The danger in applying brute force to Capitol Hill is that Congress has weapons of its own.
Franklin Roosevelt in his second term tried to purge the Democratic Party of conservative lawmakers who opposed the New Deal, not knowing of course that those very conservatives would be ardent supporters of his polices, particularly Lend-Lease, as World War II approached. He actually campaigned against a number of Southern Democrats, especially Walter F. George of Georgia and Ellison D. “Cotton Ed” Smith of South Carolina, both of whom prevailed — and neither of whom ever feared the president again.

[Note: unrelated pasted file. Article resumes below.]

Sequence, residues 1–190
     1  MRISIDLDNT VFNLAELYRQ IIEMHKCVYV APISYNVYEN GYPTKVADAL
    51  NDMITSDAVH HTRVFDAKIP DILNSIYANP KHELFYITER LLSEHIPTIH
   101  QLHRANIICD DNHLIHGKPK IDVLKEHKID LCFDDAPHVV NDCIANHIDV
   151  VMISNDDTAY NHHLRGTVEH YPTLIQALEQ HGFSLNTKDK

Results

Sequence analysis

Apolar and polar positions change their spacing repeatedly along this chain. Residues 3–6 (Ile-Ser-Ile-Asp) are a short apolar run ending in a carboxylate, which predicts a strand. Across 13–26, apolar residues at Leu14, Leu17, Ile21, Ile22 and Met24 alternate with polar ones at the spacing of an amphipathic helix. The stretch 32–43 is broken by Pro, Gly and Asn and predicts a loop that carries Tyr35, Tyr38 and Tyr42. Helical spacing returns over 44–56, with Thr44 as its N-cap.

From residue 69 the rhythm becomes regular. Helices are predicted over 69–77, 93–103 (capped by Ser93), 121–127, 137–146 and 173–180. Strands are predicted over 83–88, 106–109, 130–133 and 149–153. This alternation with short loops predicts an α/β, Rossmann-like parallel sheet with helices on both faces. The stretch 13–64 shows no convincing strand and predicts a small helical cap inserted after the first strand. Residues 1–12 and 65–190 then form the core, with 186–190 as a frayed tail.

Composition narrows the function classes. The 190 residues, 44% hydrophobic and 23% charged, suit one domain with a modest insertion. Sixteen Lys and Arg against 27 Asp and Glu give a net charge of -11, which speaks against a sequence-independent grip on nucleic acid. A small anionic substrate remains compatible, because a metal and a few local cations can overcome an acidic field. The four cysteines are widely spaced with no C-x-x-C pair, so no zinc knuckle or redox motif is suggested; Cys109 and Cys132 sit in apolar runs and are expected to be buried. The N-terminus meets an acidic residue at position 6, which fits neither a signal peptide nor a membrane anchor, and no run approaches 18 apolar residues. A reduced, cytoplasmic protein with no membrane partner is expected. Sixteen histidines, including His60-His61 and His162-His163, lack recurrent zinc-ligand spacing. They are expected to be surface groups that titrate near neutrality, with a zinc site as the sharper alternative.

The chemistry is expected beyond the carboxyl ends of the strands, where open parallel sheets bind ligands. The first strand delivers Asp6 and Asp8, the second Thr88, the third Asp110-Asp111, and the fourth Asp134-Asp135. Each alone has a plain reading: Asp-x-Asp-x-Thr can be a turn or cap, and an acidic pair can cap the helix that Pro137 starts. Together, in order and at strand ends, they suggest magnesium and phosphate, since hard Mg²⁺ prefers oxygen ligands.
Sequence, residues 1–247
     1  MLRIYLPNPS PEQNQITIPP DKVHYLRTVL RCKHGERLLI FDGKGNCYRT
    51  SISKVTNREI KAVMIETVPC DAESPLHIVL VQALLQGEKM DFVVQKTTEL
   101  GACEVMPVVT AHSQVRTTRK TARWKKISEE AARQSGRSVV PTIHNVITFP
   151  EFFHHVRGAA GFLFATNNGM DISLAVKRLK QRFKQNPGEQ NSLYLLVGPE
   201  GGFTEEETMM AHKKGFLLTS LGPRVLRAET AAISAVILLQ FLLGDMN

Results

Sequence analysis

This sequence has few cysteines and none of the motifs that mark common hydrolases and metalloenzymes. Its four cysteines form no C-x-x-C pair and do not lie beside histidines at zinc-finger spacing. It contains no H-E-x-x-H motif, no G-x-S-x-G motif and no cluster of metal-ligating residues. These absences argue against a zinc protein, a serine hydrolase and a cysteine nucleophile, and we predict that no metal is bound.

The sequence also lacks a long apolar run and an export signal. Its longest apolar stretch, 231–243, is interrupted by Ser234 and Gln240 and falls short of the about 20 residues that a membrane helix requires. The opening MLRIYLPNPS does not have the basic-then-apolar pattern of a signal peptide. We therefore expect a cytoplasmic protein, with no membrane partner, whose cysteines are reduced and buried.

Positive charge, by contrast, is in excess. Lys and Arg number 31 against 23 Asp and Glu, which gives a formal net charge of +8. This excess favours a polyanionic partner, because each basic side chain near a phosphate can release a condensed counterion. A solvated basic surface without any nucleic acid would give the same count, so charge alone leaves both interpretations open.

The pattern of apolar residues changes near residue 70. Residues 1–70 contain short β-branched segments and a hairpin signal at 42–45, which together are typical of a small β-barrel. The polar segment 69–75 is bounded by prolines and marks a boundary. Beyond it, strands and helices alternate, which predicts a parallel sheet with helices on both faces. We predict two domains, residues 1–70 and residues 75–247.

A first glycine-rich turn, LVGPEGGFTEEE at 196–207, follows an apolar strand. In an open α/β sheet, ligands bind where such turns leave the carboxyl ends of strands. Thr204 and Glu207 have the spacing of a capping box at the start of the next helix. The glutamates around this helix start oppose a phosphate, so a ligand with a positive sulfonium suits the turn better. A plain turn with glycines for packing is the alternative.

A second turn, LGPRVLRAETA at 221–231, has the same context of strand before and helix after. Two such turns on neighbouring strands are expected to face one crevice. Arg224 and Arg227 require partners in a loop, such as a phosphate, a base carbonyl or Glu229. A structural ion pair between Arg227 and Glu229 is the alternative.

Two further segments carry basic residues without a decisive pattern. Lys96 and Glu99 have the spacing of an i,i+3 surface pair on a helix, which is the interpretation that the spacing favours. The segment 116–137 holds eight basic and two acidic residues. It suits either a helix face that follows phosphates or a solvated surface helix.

The president who had earlier campaigned against “fear itself” came to know what all presidents eventually learn: Fear itself is no weapon at all.
North Shore native and Pulitzer Prize winner David M. Shribman is executive editor of the Post-Gazette.